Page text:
Seven Minutes of Tone Row Meditations

© Charles Thibo

At work. Time suspended. A revelation, once more. Edison Denisov’s music. Three Pieces for Cello and Piano, written in 1967. Clarity. Darkness. The legacy of the Soviet Union, the dogma of Socialist Realism and the intrusion of serialism*. Wrap your arms around me. A water drop is falling. Memories of Birtwistle’s piece … What a fascinating piece! Seven minutes of a musical meditation. How weird it must have sounded in a Moscow concert hall in the 1960s.

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When the Soviet Avant-garde Raised its Voice

Denisov Sonata Cello Piano
Mediation about life. © Charles Thibo

Dmitry Shostakovich was his teacher and mentor, but the student went beyond the limits Shostakovich had helped to define. In the Soviet Union this was quite an achievement. Edison Denisov moves into the realm of sound clusters and minimal music that others have explored before, albeit in an environment where creativity and expressivity were less restricted: György Ligeti in West Germany, Luciano Berio in Italy, Steve Reich in the United States. How did this square with the doctrine of “Socialist Realism” that Soviet music was to follow?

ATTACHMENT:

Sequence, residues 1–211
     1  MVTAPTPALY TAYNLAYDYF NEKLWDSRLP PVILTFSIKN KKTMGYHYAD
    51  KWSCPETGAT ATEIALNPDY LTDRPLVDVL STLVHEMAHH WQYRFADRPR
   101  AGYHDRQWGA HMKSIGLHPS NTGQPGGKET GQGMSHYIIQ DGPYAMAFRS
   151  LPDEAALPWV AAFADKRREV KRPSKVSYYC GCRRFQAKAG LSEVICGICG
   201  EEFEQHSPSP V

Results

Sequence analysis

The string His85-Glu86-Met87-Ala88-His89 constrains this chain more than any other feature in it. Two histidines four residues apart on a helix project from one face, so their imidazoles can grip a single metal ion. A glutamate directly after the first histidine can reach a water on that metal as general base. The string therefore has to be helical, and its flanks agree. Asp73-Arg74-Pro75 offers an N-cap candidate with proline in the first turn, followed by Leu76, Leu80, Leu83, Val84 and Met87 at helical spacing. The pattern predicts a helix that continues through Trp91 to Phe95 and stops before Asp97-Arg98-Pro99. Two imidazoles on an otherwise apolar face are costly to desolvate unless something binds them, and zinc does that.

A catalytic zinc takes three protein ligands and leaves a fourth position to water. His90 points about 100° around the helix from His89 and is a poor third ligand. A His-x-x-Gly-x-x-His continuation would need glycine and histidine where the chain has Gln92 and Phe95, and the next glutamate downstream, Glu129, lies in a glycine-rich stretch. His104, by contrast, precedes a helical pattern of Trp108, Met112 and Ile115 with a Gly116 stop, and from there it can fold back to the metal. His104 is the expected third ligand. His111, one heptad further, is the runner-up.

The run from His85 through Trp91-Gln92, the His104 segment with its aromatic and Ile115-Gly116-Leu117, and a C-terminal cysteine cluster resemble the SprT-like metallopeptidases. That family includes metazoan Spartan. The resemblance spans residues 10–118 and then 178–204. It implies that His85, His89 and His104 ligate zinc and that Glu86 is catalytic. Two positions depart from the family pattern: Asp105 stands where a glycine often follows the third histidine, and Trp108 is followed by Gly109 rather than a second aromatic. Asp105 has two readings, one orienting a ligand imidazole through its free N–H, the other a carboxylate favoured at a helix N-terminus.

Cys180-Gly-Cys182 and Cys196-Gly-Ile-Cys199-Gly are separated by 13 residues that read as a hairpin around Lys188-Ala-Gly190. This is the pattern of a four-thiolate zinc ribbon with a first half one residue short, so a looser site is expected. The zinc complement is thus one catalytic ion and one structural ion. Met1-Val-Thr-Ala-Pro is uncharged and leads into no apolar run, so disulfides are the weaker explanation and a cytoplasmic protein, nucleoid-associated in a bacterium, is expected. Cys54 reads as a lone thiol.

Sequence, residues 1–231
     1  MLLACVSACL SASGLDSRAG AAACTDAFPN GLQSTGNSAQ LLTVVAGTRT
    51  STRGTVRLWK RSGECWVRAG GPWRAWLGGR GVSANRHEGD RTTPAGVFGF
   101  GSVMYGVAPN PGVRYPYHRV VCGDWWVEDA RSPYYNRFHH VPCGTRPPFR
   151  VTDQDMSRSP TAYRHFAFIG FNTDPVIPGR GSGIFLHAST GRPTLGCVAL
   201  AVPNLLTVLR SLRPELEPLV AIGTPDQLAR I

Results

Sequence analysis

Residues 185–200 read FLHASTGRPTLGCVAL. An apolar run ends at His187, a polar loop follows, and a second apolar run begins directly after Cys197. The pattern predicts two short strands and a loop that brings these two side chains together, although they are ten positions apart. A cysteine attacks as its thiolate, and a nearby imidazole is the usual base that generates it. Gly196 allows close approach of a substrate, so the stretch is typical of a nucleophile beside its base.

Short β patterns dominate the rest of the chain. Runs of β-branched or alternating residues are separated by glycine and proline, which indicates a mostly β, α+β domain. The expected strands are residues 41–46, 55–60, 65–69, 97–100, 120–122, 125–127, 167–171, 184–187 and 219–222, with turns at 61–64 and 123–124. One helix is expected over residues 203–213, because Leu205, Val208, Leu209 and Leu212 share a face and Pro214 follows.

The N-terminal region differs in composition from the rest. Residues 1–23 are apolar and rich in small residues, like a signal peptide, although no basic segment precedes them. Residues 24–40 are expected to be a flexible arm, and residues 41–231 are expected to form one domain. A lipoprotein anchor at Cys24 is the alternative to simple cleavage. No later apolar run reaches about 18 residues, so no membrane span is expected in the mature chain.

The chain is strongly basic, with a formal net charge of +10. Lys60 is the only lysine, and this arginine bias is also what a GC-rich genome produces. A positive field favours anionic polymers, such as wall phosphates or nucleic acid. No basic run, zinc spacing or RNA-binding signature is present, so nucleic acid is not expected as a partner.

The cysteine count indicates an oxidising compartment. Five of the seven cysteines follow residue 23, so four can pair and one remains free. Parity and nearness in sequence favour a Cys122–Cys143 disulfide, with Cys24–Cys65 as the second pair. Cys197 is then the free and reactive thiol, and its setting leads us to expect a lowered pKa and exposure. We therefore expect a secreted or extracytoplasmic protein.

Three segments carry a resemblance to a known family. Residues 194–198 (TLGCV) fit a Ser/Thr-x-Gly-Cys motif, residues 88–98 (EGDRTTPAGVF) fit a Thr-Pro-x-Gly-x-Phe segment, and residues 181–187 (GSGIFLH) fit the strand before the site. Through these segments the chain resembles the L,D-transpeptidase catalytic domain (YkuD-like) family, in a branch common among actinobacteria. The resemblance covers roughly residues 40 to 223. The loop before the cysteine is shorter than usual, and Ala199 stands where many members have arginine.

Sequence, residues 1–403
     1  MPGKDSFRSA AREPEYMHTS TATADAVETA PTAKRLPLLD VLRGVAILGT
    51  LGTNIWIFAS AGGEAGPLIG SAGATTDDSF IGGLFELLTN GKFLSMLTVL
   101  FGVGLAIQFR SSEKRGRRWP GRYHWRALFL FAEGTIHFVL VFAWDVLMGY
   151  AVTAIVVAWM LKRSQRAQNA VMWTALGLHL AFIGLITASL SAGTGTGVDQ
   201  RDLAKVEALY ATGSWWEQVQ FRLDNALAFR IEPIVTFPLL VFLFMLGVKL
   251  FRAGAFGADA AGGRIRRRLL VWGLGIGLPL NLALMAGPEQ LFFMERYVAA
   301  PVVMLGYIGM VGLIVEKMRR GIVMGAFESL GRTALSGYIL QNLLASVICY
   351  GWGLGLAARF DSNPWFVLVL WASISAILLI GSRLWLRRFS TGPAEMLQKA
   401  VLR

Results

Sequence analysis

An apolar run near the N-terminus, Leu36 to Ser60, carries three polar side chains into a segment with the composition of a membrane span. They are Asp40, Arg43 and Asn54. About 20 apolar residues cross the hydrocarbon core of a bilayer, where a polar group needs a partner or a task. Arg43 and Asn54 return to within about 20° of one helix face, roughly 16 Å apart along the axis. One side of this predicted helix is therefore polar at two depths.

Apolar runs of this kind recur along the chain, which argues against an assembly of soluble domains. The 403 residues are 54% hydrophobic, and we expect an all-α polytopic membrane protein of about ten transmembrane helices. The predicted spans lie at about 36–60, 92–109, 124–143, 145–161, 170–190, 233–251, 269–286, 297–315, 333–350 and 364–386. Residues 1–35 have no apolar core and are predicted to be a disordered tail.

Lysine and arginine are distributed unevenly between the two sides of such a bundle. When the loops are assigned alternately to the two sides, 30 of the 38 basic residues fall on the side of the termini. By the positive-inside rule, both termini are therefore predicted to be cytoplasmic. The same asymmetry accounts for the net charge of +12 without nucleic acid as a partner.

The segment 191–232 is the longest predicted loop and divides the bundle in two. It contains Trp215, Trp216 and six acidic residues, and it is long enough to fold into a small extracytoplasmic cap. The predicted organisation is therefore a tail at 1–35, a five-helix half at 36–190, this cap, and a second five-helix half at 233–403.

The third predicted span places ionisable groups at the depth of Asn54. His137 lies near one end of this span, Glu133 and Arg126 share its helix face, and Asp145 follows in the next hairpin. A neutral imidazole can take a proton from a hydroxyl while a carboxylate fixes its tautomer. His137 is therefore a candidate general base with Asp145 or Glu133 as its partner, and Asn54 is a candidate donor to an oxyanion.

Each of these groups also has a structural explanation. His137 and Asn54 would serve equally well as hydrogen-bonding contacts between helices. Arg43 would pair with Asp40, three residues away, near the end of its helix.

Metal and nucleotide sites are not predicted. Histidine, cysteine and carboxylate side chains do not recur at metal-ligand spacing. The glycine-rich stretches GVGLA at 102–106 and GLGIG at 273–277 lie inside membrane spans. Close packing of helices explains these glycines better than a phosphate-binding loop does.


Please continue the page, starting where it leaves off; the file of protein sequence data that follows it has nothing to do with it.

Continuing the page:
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A Student’s Reverence to Dmitry Shostakovich

Passion © Charles Thibo

“Nature gives me more than useless layers of fossilized academicalism”. To whom Edison Denisov may he have referred too? Certainly not to his teacher Dmitry Shostakovich. To the “Union of Soviet Composers” who ostracized him for the influence of Western contemporary classical music on his work? Denisov’s music did not intend to charm the ear and certainly not to conform to the official doctrine of Socialist Realism. It did rather intend to express the composer’s ideas and feelings about the Socialist reality in the Soviet Union, an ambition that the Communist party could not tolerate.

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Spellbound by Morning Sounds and Light

A perfect winter morning was the inspiration to this post. © Charles Thibo
A perfect winter morning was the inspiration to this post. © Charles Thibo

Smirnov took me by surprise. I had bought that record a while ago when I did some research about the Moldavian-Austrian violinist Patricia Kopatchinskaya, but hadn’t listened to it actually. So, on a frosty, foggy winter morning, I selected that record while driving to the office. It usually takes me half an hour or so and when I had left the valley and cleared the fog the sun was just about to rise over the horizon. I admired the spectacular colors of the sky and at the same time I heard the first bars of Smirnov’s Elegy for Cello Solo, op. 97a. At first I didn’t quite understand what was happening, but somehow I had to leave the main road, stop the car and watch and listen. And get out and shoot that picture.

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